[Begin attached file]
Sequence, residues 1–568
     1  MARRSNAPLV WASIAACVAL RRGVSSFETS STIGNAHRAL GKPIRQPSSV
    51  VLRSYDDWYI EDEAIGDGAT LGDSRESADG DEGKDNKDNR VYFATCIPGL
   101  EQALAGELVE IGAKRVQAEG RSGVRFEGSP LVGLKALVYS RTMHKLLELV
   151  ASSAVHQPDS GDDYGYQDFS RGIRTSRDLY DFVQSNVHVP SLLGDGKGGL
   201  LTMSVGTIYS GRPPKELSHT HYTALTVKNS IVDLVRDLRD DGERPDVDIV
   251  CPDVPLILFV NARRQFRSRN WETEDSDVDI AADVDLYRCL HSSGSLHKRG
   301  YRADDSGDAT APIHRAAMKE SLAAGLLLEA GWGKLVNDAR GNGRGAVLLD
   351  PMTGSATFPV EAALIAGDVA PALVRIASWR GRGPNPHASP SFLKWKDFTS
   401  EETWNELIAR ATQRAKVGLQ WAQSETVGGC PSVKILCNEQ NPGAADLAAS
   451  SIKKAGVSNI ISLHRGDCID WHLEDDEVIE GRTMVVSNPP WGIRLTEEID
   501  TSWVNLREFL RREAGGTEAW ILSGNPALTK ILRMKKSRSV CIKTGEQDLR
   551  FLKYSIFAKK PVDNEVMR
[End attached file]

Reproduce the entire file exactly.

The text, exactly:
Sequence, residues 1–568
     1  MARRSNAPLV WASIAACVAL RRGVSSFETS STIGNAHRAL GKPIRQPSSV
    51  VLRSYDDWYI EDEAIGDGAT LGDSRESADG DEGKDNKDNR VYFATCIPGL
   101  EQALAGELVE IGAKRVQAEG RSGVRFEGSP LVGLKALVYS RTMHKLLELV
   151  ASSAVHQPDS GDDYGYQDFS RGIRTSRDLY DFVQSNVHVP SLLGDGKGGL
   201  LTMSVGTIYS GRPPKELSHT HYTALTVKNS IVDLVRDLRD DGERPDVDIV
   251  CPDVPLILFV NARRQFRSRN WETEDSDVDI AADVDLYRCL HSSGSLHKRG
   301  YRADDSGDAT APIHRAAMKE SLAAGLLLEA GWGKLVNDAR GNGRGAVLLD
   351  PMTGSATFPV EAALIAGDVA PALVRIASWR GRGPNPHASP SFLKWKDFTS
   401  EETWNELIAR ATQRAKVGLQ WAQSETVGGC PSVKILCNEQ NPGAADLAAS
   451  SIKKAGVSNI ISLHRGDCID WHLEDDEVIE GRTMVVSNPP WGIRLTEEID
   501  TSWVNLREFL RREAGGTEAW ILSGNPALTK ILRMKKSRSV CIKTGEQDLR
   551  FLKYSIFAKK PVDNEVMR